December 9, 2015 Free Workshop | August 28: Get Better Engagement and Build Trust With Customers Now This hands-on workshop will give you the tools to authentically connect with an increasingly skeptical online audience. Enroll Now for Free The second and third largest cities in the U.S. have the potential to score some serious startup swag: Google has just announced that it is considering bringing its ultra-fast Google Fiber Internet service to Los Angeles and Chicago.The deals are far from complete, and if approved, will take years to be up and running, but the wheels are in motion. Faster Internet would mean more opportunity for entrepreneurs and startups in both cities.“In Chicago, fiber Internet will help bolster a fast-growing startup scene by fueling incubators like 1871, venture capital funds like Chicago Ventures and hundreds of small businesses,” says Jill Szuchmacher, the director of Google Fiber Expansion, in a blog post announcing the news. “In L.A., faster Internet may mean that indie musicians and YouTube stars can spend less time worrying about bandwidth, and more time creating their next project.” Related: Chicago: The New B2B BoomtownLos Angeles and Chicago are the biggest cities Google Fiber has considered so far. The first step in the process of determining feasibility for Google is to do a detailed analysis of the city’s existing infrastructure and land structure.Right now, only three cities have the Google Fiber Network: Provo, Utah; Kansas City, Mo.; and Austin, Texas. Another half dozen cities are in various process of installation, including Salt Lake City, Nashville and Atlanta.Google Fiber delivers Internet at 1,000 megabits per second, or 1 gigabit per second. That’s many multiples faster than the Internet in most U.S. cities, though not all. The city of Chattanooga, Tenn., is a — potentially surprising — leader in Internet connectivity speed in the U.S. The Southern city’s economy got a boost when the metro-area installed 1 gigabit Internet service, which it claimed that was 200 times faster than the national average. In October, Chattanooga upgraded the Internet broadband again and now it has service as fast as 10 gigabits per second available. The service has proven transformative for the once dilapidated, rundown and polluted city.Related: 3 Sizzling Stats to Consider About Silicon Beach 2 min read
March 22, 2017ANDREAS KAPSALIS returns to Arcosanti for a Solo Guitar Performance in the Arcosanti cafe on Sunday afternoon, March 26, 2017 at 1:30 pm. “I am very impressed that Andreas could cover on guitar what I had written for piano. It is quite amazing to hear my own music performed by great instrumentalists.” – Dave Brubeck, American jazz pianist and composer“Andreas is reinventing the art of guitar playing. He is the next level.” – Jim Tulio, Grammy Award winning producerConcert Ticket: $20 ($10 for students) Buffet Lunch available at Cafe: $10For ticket purchase, please call 928.632.6217Andreas Kapsalis is a Greek American guitarist and composer born in the suburbs of Chicago. His first exposure to music was through his mother, Frances, a student of opera, and his father Peter, a violinist. Andreas began teaching himself guitar at the age of 11, reading and writing music as well as music theory. At the age of 18 he suffered a hand injury; during his recovery period, he began developing his 10 finger tapping techniques. Under the tutelage of composer and producer Jim Tullio, a student of Aaron Copland, he refined his compositional approach on the guitar using these techniques. Tullio produced Andreas’ first EP with Andreas’ arrangement of Dave Brubeck’s composition Blue Rondo a la Turk, which garnered attention from the composer himself, who said “I am very impressed that Andreas could cover on guitar what I had written for piano. It is quite amazing to hear my own music performed by great instrumentalists.”Andreas began performing nationally with the Andreas Kapsalis Trio and recorded two discs featuring his compositions. While performing in LA, he was invited to apply for the Sundance Composers Labs. He was awarded the fellowship, an honor awarded to only six composers a year. This was his initiation into film composing. At the end of the Sundance Composers Lab, Andreas was invited by the directors to complete a score for their documentary film “Black Gold” among the documentaries selected for the January premier at the Sundance Film Festival. Founder of the Sundance Institute and Festival, Robert Redford, noted this was the first time in Sundance Institute history that documentary fellows and a composer fellow had an “official selection” at the Sundance Film Festival. Subsequently, he composed scores for several documentary and feature films such as “Pig Business” and “Mulberry Street” to name a few. He also has been commissioned by Northwestern University and Notre Dame to compose music for their silent film festivals as well. Following this, Andreas performed and recorded several discs with Polish singer/contra bassist Megitza and the AKGI duo. He has been performing internationally, solo and in various ensembles for festivals and concert series in North America, Europe and Asia, such as Montreaux Jazz Festival in Switzerland, the Calcutta Guitar Festival in India, the Canadian Guitar Festival and the Guitar Festival in the Phillipines.In addition, concerts have taken place in Germany, Austria, Poland and Slovakia. Most recently Andreas was invited to Armenia to participate in “Sounds of Peace” a musical exchange featuring 60 artists from 10 different countries. Throughout his career he has also enjoyed teaching guitar for many years, first at the Kapsalis Music Shoppe, Elgin Community College, and Northwestern University Mini Courses. Being very much a self taught musician with a relatively unique playing technique and musical perspective, together with the variety of cultural experiences in the world of music, and as a traveler, Andreas continues to be inspired and eager to share the beauty of music and how it can enrich one’s life. Among his many projects, Andreas is composing and arranging pieces for a solo album.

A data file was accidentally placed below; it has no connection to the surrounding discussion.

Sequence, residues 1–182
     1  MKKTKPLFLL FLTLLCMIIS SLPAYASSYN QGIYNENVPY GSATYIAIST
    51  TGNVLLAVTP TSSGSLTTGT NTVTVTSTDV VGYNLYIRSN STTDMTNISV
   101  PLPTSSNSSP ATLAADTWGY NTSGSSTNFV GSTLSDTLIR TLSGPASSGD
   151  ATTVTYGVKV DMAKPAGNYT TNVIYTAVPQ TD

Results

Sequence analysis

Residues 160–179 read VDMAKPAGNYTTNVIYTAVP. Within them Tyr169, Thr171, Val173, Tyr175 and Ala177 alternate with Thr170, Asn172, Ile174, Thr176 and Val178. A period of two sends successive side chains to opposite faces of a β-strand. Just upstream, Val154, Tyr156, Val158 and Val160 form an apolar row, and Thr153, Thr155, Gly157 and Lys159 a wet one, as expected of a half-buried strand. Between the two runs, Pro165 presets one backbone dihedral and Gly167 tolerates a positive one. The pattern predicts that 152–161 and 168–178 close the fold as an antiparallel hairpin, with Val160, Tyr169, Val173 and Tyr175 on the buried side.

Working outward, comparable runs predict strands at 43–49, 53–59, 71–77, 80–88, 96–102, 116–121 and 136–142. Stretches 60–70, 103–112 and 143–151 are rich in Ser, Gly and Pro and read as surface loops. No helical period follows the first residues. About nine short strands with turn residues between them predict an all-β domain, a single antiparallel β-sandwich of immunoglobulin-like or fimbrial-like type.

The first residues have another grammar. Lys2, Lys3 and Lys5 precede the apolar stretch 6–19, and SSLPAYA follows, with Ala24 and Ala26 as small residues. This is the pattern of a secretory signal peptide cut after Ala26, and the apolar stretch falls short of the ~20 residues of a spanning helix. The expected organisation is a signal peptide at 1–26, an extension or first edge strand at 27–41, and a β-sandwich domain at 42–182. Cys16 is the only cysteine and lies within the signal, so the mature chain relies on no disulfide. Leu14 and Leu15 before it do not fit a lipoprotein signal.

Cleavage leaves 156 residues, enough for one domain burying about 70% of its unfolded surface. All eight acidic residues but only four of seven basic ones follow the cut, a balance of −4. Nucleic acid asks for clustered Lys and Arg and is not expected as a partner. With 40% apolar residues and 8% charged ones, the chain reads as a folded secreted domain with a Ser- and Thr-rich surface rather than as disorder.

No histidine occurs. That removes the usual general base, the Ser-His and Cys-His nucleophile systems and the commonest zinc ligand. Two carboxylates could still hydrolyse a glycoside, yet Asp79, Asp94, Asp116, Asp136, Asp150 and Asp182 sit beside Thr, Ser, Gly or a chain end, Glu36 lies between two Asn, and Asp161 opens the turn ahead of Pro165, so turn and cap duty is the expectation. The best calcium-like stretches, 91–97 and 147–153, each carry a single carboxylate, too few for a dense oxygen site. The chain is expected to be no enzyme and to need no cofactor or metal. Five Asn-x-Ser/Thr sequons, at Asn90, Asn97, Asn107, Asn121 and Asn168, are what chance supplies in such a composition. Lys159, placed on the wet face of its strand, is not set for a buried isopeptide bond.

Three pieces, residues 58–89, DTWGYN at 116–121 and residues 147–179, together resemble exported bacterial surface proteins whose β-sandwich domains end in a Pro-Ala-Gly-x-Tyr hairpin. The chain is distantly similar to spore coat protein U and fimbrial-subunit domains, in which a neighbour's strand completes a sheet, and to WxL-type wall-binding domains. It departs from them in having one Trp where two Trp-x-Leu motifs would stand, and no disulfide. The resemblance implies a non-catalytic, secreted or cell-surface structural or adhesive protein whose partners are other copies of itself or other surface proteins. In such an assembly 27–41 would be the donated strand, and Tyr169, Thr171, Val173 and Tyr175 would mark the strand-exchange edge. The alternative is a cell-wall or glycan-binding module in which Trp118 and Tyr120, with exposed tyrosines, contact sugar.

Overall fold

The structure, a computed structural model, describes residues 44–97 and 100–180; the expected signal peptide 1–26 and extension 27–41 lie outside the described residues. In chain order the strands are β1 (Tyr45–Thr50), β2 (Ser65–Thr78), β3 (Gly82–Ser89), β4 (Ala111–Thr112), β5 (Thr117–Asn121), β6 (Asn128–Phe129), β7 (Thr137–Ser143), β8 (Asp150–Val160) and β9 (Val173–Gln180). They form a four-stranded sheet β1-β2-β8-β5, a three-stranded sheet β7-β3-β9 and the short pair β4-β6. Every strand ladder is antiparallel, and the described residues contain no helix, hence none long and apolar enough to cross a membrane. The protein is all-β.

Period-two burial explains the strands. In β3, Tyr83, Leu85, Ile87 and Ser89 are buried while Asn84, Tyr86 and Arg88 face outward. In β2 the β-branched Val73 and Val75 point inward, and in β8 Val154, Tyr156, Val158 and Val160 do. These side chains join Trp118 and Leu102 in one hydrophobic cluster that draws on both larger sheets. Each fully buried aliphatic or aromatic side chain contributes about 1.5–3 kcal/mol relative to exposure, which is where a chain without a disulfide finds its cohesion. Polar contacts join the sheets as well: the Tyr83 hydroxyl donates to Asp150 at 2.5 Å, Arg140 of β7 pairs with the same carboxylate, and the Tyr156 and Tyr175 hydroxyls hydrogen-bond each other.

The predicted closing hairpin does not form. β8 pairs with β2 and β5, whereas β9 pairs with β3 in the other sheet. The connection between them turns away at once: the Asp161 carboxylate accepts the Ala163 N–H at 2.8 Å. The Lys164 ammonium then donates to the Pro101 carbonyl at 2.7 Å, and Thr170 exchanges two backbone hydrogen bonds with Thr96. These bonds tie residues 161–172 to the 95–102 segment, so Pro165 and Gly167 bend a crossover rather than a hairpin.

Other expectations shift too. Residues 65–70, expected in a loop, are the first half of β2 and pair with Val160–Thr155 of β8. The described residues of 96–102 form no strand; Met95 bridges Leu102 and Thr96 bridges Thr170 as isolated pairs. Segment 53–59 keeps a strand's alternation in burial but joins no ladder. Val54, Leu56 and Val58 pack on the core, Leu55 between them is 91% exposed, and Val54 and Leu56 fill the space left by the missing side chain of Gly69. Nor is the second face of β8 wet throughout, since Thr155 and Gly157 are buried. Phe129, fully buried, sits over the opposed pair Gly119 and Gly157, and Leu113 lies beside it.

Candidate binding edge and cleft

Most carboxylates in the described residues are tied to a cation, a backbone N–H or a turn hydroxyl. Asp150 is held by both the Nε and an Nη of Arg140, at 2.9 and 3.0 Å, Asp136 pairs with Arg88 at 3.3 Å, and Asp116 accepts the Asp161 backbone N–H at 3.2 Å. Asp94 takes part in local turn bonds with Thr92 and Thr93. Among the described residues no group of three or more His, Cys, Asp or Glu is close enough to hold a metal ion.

Sensors now make it possible to capture touches on the body very precisely, even from multiple fingers. Researchers have successfully tested a new prototype sensor in four different applications. Provided by Saarland University “The human body offers a large surface that is easy to access, even without eye contact,” said Jürgen Steimle, a professor of computer science at Saarland University, explaining the researchers’ interest in this literal human-computer interface. The development was challenging because the such sensors could not measure touches precisely enough, nor could they capture them from multiple fingertips simultaneously. The prototype sensor, named Multi-Touch Skin, looks similar in structure to the touch displays that are well known from smartphones. Two stacked electrode layers, each arrayed in rows and columns, form a kind of coordinate system, at whose intersections electrical capacitance is constantly measured. Capacitance is reduced at the point where fingers touch the sensor, because the fingers conduct electricity and therefore allow the charge to drain away. These changes are captured at each point, and thus touches from multiple fingers can be detected. In order to find the optimal balance between conductivity, mechanical robustness and flexibility, the researchers evaluated different materials. Silver was chosen as the conductor, PVC plastic for the insulating material between the electrodes, and PET plastic for the substrate; the sensor could be printed using a household inkjet printer in less than a minute.”So that we could really use the sensors on all parts of the body, we had to free them from their rectangular shape. That was an important aspect,” explains Aditya Shekhar Nittala, who is doing his doctoral research in Jürgen Steimle’s group. The scientists therefore developed software for designers to create their own desired sensor shapes. In the program, the designer first draws the outer shape of the sensor, then outlines the area within this outer shape that is to be touch-sensitive. A special algorithm then calculates the layout that will optimally cover this defined area with touch-sensitive electrodes. Finally, the sensor is printed.The usefulness of this new freedom of form is demonstrated in one of the four test prototypes, each of which the scientists produced with their novel fabrication method. It was designed to fit a test participant’s right ear. The subject could swipe upward or downward in order to use it as a volume control. Swiping right or left changes the song being played, while touching with a flat finger stops the song.For the Saarbrücken scientists, Multi-Touch Skin is further proof that research into on-skin interfaces is worthwhile. In the future, they want to focus on providing even more advanced sensor design programs, and to develop sensors that capture multiple sensory modalities. Citation: Sensor stickers transform the human body into a multi-touch surface (2018, May 7) retrieved 18 July 2019 from https://phys.org/news/2018-05-sensor-stickers-human-body-multi-touch.html Mobile on-body devices can be precisely and discreetly controlled using a tiny sensor This document is subject to copyright. Apart from any fair dealing for the purpose of private study or research, no part may be reproduced without the written permission. The content is provided for information purposes only. Saarbruecken computer scientists have developed novel skin sensors that allow mobile devices to be controlled from any point on the body. Credit: Saarland University Explore further